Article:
I think that one of the most valuable experiences when we live abroad is that 'being outside' automatically puts us in the situation of 'continuous students', thus, our mind keeps opened and any conversation makes us learn a lot.
Recently, in one of our expat hangout sessions we've started talking about tipping and how that usually works in each country. In Brazil, our fake "optional" 10%, in the Netherlands 15%, in Cambodia they don't expect nothing but any amount would be gladly accepted, and in China it wouldn't be expected too but any amount would be offensive.
Our Chinese friend, Zhengyu, then explained about one episode he saw in his country some years ago. He was advising a Brazilian delegation there and one of them decided to buy a newspaper. The newspaper for sure cost less than US$0.10, but he had only big yuan bills (local Chinese currency), and the smaller one would be like US$10. Obviously, since the product was so cheap the lady who was selling it wouldn't have enough change. Then he had tried to give away as a 'tip' the full amount of the bill. That caused so big consternation in the lady, something unthinkable, that she had decided to give him the newspaper for free.
Zhengyu explained us that 'tipping' is socially seen as charity and that's very humiliating. Moreover, in case of a woman 'subject of' tipping, it would be seen as a suggestion for prostitution. According to him it's very common that out of the touristic areas leaving money on the table will make the waiter to call you back since you probably 'had forgotten'.
Well, as this discussion went through we've changed from tipping to begging. To beg is certainly humiliating position but it's culturally acceptable mostly worldwide. Here in Cambodia is common, but as much as common in Brazil in touristic areas and big cities. When I went to the US in 2010 I had the sensation that presence of beggars and homeless people in Chicago or NY were comparable or even larger than in 'comparable' areas of Sao Paulo.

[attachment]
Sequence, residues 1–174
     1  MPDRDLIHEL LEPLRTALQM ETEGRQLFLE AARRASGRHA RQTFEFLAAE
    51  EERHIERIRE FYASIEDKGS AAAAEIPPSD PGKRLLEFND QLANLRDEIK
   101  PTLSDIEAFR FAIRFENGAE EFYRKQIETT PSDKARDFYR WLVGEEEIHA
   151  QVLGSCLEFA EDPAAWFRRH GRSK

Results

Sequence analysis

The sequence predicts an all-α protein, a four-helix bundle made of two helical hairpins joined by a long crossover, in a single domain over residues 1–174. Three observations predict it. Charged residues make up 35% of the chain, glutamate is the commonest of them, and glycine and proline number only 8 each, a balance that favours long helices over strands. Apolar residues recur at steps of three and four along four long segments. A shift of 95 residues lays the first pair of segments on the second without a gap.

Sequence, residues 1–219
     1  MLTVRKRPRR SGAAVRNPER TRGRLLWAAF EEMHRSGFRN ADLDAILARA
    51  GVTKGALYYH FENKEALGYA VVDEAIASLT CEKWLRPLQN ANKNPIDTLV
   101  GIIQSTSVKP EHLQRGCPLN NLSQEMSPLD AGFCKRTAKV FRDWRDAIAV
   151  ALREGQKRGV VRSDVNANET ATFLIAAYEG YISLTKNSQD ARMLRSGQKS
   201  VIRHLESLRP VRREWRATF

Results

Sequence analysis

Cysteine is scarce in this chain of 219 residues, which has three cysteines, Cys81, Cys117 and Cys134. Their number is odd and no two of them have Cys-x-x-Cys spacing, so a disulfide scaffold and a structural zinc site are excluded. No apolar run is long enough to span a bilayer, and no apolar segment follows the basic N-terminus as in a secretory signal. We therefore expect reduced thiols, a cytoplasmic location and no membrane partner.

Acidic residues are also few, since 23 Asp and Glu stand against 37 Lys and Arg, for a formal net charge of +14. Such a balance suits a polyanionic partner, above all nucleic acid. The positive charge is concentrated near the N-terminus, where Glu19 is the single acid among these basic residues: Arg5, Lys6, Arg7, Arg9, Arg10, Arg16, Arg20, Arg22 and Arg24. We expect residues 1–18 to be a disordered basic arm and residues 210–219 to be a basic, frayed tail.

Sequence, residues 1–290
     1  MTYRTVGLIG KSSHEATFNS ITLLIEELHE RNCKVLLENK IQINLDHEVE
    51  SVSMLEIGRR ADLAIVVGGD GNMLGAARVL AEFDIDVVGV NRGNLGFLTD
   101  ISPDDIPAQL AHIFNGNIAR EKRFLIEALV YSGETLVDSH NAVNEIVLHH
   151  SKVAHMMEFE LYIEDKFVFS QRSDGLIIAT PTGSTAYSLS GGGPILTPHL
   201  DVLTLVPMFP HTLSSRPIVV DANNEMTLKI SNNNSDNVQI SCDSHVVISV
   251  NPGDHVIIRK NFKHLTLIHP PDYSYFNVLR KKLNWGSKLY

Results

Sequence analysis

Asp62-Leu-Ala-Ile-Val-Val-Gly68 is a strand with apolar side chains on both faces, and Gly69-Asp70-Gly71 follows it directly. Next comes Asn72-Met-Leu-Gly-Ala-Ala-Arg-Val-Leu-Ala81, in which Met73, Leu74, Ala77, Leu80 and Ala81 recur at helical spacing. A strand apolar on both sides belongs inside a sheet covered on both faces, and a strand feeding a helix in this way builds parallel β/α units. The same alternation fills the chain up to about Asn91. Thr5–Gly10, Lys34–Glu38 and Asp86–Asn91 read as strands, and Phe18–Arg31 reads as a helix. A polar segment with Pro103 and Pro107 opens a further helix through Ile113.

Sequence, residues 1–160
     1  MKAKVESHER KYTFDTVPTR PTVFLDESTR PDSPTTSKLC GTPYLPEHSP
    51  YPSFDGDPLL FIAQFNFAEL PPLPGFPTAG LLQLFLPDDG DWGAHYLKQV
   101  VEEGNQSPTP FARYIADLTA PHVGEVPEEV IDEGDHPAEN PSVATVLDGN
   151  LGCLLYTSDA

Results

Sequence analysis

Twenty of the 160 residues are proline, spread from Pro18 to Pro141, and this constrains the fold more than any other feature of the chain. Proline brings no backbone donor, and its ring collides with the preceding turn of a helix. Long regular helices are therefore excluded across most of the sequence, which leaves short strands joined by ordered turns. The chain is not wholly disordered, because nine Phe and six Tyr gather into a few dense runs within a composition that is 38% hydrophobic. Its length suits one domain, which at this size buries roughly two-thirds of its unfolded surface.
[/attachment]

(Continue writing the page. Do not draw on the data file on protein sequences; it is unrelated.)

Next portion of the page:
|Source: Thought Incarnate, ironically talking about begging|
I went to north Vietnam (Hanoi, Halong Bay and Tam Coc) in November of 2011. I saw only 1 beggar and no kids working on the street. Nothing. For sure you will tell me that Vietnam is not as poor as Cambodia. That's a fact, the GDP per capita in Cambodia is US$ 998 and in Vietnam US$ 3,331, BUT, in Brazil is US$ 11,845 (source: Wikipedia 'Southeast Asia' and Wikipedia 'List of Countries by GDP per capita'). At least, it's not a simple question of being poor or not. There are many cultural elements in the table. Vietnam, even calling for its own cultural identity was a Chinese province some 1,000 years ago. The cultural elements are not so different.
There's a book, that was a compulsory reading in college, called 'The Culture Code' of the French author Clotaire Rapaille. The book focuses on situations of developed countries, especially US and from Europe. There's a logic structure though that says that every people has its own symbols, beliefs, etc, that takes many influences and changes throughout the years but in somehow always keep its core. That core is taken from generation to generation and thus there is a 'key/code' that reveals and allows you to closely talk with each person. In other words, there's a reason why American are compulsive regarding big cars and have strict laws about sex and alcohol or why the French are so dependent of the Estate or why the Germans are so technical and procedural. Or, why begging in Cambodia and Brazil is socially accepted when in Vietnam and in China (and I'd extend that to countries that have strong Confuciunism culture) it puts people on an extremely humiliating position.
The individual behavior that we notice on the streets impacts and it's impacted by the common beliefs, symbols and values shared by a population. Even when just giving a tip, or alms, behind such action there's a much more complex symbology. It's worthy trying to understand it!
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